Dependency Injection in Golang

As it goes with learning most new languages, first attempts at creating applications in Go follow a natural progression. In this post we’ll follow this progression and build an app that has one purpose: send an HTTP request and print the response. Hopefully it will guide readers along the path to using dependency injection and understanding why it is, in my opinion, the most important concept when learning how to create complex, testable and maintainable code.

Phase 1: “Jam everything in main()”

In the first iteration of writing our application (the same way many people begin their adventure into go), we will place all of our app’s logic into main().

package main

import (
"fmt"
"net/http"
"io/ioutil"
)

func main() {
client := http.Client{}
response, err := client.Get("http://google.com")

if err != nil {
panic(err)
}

if response == nil {
fmt.Println("Received an empty response!")
return
}

body, err := ioutil.ReadAll(response.Body)

if err != nil {
fmt.Println("Couldn't read body of response!")
return
}

fmt.Println(string(body))
}

So far so good. If we run our app:

go run main.go

we receive a valid response body from Google. This is acceptable but we decide that we want our app to be slightly more dynamic, so let’s refactor it a bit to accept user input.

Phase 2: “Break it out into functions”

In our second phase, we decide we want to allow a URL entered by the user to make the user experience a little better. Also, we feel sending the HTTP request would be much more suited in it’s own function because a textbook we read somewhere said something about a single responsibility principle.

package main

import (
"fmt"
"net/http"
"io/ioutil"
"flag"
)

var (
url string
)

func init() {
flag.StringVar(&url, "url", "http://google.com", "Which URL do we want to parse?")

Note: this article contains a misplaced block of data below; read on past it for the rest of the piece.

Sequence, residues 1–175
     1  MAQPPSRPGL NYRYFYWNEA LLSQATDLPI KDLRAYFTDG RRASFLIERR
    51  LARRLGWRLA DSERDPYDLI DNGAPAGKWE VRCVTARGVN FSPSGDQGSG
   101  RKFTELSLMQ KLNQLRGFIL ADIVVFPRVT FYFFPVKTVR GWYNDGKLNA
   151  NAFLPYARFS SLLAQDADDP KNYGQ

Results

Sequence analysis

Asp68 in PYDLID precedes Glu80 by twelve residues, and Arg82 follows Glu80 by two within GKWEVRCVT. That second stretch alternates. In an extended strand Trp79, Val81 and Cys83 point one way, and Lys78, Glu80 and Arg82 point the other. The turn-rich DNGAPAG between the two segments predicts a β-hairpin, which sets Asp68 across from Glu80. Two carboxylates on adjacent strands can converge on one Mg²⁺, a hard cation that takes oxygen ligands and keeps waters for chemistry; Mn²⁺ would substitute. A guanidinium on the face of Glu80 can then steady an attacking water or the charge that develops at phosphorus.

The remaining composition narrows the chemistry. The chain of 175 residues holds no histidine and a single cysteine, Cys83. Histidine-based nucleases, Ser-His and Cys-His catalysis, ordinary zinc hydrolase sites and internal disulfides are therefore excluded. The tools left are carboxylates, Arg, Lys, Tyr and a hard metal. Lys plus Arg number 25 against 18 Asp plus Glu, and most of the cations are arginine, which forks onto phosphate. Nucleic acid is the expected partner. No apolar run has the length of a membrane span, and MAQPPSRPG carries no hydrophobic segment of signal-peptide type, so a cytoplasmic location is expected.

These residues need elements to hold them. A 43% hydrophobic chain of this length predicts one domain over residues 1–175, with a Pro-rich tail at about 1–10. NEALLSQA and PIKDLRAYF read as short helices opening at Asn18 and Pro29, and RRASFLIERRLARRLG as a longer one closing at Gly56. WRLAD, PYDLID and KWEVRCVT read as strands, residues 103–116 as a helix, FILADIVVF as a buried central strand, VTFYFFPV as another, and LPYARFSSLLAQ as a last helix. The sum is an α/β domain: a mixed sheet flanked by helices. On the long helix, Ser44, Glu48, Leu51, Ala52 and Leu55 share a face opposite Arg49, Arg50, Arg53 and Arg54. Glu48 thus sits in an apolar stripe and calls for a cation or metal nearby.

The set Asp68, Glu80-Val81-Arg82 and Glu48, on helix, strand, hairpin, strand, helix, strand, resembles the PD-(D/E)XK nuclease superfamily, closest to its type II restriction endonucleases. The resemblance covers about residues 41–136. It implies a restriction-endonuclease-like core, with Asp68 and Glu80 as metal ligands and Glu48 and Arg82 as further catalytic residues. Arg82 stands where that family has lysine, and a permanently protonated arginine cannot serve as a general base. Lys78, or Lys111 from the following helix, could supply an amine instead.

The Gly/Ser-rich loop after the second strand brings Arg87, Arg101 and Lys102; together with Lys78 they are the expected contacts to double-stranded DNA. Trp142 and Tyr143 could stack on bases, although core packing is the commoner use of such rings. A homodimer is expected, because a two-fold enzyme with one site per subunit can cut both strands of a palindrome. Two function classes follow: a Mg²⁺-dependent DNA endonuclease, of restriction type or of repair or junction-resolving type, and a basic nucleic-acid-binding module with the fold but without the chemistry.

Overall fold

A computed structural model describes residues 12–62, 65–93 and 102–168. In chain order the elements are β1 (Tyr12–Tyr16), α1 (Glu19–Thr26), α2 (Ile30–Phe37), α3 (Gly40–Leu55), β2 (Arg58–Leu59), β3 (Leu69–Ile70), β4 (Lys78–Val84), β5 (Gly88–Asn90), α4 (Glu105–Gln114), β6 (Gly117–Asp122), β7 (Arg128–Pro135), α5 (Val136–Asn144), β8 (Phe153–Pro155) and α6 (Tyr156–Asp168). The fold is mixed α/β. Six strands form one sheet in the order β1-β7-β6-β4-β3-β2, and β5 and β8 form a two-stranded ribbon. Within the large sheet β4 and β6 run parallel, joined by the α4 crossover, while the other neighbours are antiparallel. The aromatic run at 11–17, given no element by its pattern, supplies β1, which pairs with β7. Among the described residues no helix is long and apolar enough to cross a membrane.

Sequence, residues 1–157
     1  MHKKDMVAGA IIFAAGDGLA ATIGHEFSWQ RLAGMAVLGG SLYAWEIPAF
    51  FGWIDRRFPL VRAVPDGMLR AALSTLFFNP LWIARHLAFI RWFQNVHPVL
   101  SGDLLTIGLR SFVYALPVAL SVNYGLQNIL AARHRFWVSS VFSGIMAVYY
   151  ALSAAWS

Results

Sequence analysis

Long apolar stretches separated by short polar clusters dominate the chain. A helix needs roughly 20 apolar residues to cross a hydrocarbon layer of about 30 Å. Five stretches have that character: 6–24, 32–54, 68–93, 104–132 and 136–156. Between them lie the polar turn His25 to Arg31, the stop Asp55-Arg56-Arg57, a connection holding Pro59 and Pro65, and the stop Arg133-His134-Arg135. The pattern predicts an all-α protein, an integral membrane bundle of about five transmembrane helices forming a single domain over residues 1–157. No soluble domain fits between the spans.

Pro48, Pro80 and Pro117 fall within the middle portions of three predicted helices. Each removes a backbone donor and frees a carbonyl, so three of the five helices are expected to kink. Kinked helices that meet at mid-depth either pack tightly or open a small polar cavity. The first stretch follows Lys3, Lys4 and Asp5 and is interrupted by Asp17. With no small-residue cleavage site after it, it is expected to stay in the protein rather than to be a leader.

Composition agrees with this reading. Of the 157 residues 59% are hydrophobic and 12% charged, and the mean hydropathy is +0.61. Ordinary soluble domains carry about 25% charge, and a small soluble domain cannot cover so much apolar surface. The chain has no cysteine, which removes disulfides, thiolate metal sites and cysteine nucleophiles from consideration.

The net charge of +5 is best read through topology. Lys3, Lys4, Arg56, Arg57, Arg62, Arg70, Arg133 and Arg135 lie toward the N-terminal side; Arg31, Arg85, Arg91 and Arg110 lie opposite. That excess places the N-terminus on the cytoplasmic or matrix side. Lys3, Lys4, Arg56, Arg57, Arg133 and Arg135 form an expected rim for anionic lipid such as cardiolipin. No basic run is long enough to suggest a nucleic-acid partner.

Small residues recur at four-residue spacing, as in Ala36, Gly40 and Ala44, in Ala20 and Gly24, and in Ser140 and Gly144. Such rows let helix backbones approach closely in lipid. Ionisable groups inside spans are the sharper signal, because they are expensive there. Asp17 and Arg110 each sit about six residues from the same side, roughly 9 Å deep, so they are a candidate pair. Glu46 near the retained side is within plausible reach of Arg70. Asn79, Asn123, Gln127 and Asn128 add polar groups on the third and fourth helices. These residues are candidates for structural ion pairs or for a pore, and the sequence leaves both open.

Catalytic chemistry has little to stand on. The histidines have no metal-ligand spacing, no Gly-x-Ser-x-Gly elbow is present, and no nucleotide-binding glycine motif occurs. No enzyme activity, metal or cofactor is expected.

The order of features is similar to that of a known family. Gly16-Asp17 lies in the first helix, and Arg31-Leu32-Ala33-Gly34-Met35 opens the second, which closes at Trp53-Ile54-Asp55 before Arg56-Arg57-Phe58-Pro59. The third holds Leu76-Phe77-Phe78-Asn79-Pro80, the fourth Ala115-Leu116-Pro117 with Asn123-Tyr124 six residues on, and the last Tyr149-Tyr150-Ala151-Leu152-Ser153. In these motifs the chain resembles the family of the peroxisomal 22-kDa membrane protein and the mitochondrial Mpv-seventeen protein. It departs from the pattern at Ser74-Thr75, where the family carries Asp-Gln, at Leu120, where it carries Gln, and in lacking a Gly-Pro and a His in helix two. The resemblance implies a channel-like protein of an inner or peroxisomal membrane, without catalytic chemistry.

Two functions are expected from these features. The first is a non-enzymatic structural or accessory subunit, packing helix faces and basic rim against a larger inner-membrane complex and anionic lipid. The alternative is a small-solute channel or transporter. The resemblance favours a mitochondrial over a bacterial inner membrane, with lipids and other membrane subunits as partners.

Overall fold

flag.Parse()
}

func main() {
err := send(url)

if err != nil {
panic(err)
}
}

func send(link string) error {
client := http.Client{}
response, err := client.Get(link)

if err != nil {
return err
}

if response == nil {
return err
}

body, err := ioutil.ReadAll(response.Body)

if err != nil {
return err
}

fmt.Println(string(body))
return nil
}

In this example we can now accept a URL as a flag and print the contents dynamically. We also receive the added benefit of better error handling as we can now bubble the errors up and allow the calling function to determine what needs to be done when errors arise. Try it out for yourself:

go run main.go -url http://google.com

Let’s assume for the sake of argument that these are the final project specs. We can now print the contents of any valid web page a user enters and (not-so-gracefully) handle errors. What happens here when we want to write some tests for our application?

Well, since http.Client is going to make real requests, our test would have to rely on a valid internet connection. In this case it might not be the end of the world because most CI machines would have this ability, but what if it were a database connection? A connection to a queue?

The short of it is that we need to be able to mock these connections and our code is not currently mockable. Enter phase 3.

Phase 3: “Dependency injection is your friend”

Suppose in our send function we were to accept an http.Client as a parameter. Would this help us test our code? Clearly it would not because as we stated before, an http.Client will make a real request. So how do we allow both a real http.Client and a mock? Interfaces to the rescue!

Interfaces in Go are satisfied via composition meaning that they are implicitly satisfied by any type that matches the signature of that interface. Let’s see what an interface would look like for our use of http.Client:

type HttpClient interface {
Get(string) (*http.Response, error)
}